The Ruskin collection is currently housed in the Bewdley Museum, allowing public access, and ensuring the safety of these historic documents. In order to borrow any of these books please apply to the Bewdley Museum who will be able to arrange the loan.
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John Ruskin (8 February 1819 – 20 January 1900) was the leading English art critic of the Victorian era, also an art patron, draughtsman, watercolourist, a prominent social thinker and philanthropist. He wrote on subjects ranging from geology to architecture, myth to ornithology, literature to education, and botany to political economy. His writing styles and literary forms were equally varied. Ruskin penned essays and treatises, poetry and lectures, travel guides and manuals, letters and even a fairy tale. The elaborate style that characterised his earliest writing on art was later superseded by a preference for plainer language designed to communicate his ideas more effectively. In all of his writing, he emphasised the connections between nature, art and society. He also made detailed sketches and paintings of rocks, plants, birds, landscapes, and architectural structures and ornamentation.Full Wikipedia Article
This collection of Ruskin's work was originally put together by Anthony Page over a period of years, and has now been passed over to The Guild of St. George.
1928 – 2011
Anthony studied architecture at the Northern Polytechnic in Highgate. As an architect he worked at Sir Basil Spence, Bonnington & Collins where he was involved, among other works, with designing the British Embassy in Rome, and the new Town Hall for the London Borough of Kensington & Chelsea.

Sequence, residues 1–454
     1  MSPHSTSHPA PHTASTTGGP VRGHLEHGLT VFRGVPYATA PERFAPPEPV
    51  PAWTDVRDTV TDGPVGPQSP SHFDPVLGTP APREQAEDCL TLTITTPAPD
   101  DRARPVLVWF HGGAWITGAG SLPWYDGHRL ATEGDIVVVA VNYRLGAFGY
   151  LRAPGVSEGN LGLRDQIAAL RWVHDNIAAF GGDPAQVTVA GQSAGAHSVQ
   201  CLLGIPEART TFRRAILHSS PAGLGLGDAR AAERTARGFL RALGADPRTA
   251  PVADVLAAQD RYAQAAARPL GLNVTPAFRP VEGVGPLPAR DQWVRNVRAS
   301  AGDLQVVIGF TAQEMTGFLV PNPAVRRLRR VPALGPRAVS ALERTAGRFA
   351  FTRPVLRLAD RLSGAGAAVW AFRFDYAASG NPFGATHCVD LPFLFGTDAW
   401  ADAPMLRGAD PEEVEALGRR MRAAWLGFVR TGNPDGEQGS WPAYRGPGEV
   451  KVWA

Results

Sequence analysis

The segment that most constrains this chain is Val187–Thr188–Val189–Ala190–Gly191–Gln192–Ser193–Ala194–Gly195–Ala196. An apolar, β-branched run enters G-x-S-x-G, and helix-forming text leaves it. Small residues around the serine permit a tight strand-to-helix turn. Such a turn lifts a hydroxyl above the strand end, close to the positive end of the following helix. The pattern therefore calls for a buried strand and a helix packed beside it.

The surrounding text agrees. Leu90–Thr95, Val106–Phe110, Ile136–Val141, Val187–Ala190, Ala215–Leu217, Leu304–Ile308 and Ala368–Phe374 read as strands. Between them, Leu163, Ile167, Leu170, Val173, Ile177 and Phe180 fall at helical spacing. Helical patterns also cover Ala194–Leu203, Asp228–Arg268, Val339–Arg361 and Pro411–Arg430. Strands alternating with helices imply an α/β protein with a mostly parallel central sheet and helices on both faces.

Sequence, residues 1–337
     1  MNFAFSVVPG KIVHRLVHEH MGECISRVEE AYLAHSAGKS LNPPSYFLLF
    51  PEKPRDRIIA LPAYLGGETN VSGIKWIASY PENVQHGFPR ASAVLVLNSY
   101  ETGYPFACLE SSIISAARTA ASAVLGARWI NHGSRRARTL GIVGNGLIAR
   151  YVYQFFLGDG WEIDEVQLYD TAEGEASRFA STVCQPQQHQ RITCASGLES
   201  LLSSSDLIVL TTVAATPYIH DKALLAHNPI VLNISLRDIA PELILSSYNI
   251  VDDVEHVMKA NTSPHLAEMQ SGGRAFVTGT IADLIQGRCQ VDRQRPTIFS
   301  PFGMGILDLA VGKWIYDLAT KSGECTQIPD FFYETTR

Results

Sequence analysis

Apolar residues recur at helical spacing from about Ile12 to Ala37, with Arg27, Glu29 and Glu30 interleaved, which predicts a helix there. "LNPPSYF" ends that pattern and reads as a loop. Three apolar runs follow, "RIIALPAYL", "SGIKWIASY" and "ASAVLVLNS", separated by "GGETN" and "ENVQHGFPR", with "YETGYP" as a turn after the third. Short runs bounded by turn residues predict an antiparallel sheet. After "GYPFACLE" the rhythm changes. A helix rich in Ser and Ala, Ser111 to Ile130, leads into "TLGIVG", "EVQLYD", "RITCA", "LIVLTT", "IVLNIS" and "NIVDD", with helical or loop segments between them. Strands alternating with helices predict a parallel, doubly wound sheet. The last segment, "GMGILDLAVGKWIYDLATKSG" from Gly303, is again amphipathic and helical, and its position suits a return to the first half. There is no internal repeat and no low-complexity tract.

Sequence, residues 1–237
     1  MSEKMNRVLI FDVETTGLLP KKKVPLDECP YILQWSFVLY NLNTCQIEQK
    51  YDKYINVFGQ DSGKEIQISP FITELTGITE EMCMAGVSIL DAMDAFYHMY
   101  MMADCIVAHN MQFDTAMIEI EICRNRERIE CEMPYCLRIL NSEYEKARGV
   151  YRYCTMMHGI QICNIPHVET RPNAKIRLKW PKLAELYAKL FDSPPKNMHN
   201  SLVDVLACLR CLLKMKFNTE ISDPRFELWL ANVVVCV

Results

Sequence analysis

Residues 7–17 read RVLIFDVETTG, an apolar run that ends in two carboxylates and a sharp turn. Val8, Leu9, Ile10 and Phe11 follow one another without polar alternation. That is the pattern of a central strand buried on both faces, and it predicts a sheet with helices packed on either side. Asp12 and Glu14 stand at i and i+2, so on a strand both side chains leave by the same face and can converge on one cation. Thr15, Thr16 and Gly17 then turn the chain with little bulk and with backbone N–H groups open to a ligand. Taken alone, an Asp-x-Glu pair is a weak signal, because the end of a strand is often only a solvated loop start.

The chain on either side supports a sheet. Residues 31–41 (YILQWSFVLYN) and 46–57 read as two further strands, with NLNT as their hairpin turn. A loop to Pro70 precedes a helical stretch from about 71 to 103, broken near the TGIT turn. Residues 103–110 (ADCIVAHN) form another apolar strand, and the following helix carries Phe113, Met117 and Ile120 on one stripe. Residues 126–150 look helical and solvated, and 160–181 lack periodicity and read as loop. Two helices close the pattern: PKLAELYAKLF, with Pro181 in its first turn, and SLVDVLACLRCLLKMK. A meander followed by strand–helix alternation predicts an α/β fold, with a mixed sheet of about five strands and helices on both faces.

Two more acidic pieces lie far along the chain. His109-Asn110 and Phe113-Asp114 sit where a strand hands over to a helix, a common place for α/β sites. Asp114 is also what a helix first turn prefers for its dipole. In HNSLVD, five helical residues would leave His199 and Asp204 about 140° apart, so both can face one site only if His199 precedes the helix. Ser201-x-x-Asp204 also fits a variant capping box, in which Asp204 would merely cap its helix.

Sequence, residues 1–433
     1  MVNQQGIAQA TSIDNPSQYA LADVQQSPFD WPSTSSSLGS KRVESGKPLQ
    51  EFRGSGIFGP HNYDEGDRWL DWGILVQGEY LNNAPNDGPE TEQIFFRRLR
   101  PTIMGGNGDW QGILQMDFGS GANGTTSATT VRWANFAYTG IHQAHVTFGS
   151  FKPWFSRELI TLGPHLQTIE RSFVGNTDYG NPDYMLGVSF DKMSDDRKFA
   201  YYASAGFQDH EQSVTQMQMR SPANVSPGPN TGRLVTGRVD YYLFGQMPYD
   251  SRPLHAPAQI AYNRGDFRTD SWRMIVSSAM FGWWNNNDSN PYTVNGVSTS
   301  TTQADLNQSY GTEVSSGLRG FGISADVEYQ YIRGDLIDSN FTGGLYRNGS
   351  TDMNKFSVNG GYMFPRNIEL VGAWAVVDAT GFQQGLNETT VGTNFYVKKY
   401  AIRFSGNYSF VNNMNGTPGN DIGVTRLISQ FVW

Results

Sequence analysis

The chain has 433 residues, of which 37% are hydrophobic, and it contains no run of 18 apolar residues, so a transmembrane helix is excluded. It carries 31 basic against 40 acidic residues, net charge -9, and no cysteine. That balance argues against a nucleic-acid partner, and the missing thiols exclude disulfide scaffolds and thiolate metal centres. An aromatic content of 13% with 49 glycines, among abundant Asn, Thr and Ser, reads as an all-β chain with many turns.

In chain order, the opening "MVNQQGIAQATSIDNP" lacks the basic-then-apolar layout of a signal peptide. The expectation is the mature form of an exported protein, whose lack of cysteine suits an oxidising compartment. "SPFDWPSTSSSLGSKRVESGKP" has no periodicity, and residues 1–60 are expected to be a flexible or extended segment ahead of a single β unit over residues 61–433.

On leaving Bonningtons in the mid 1980’s he worked for Bickerdike Allen & Partners for 7 – 8 years, giving expert architectural advice on problematic issues relating to a variety of buildings, including the John Radcliffe Hospital in Oxford.
Anthony’s interest in John Ruskin came from his lifelong love of Italy, his interest in art and design and his background in architecture. He loved to visit places associated with Ruskin and read Ruskin’s books widely, as well as amassing a large collection of his work including many first editions.
When he retired he wished to extend his interest in Ruskin into the practical field. He became a Companion of Ruskin’s Guild of St. George in 1994 and was elected a Director. Through his architectural interests he became the Guild’s Director responsible for their properties at Westmill in Hertfordshire. He retired from this role around the age of eighty.
He also joined the Ruskin Society of which he became an active member. He helped with the arrangements for lecturers, and became a Vice-President of the Society.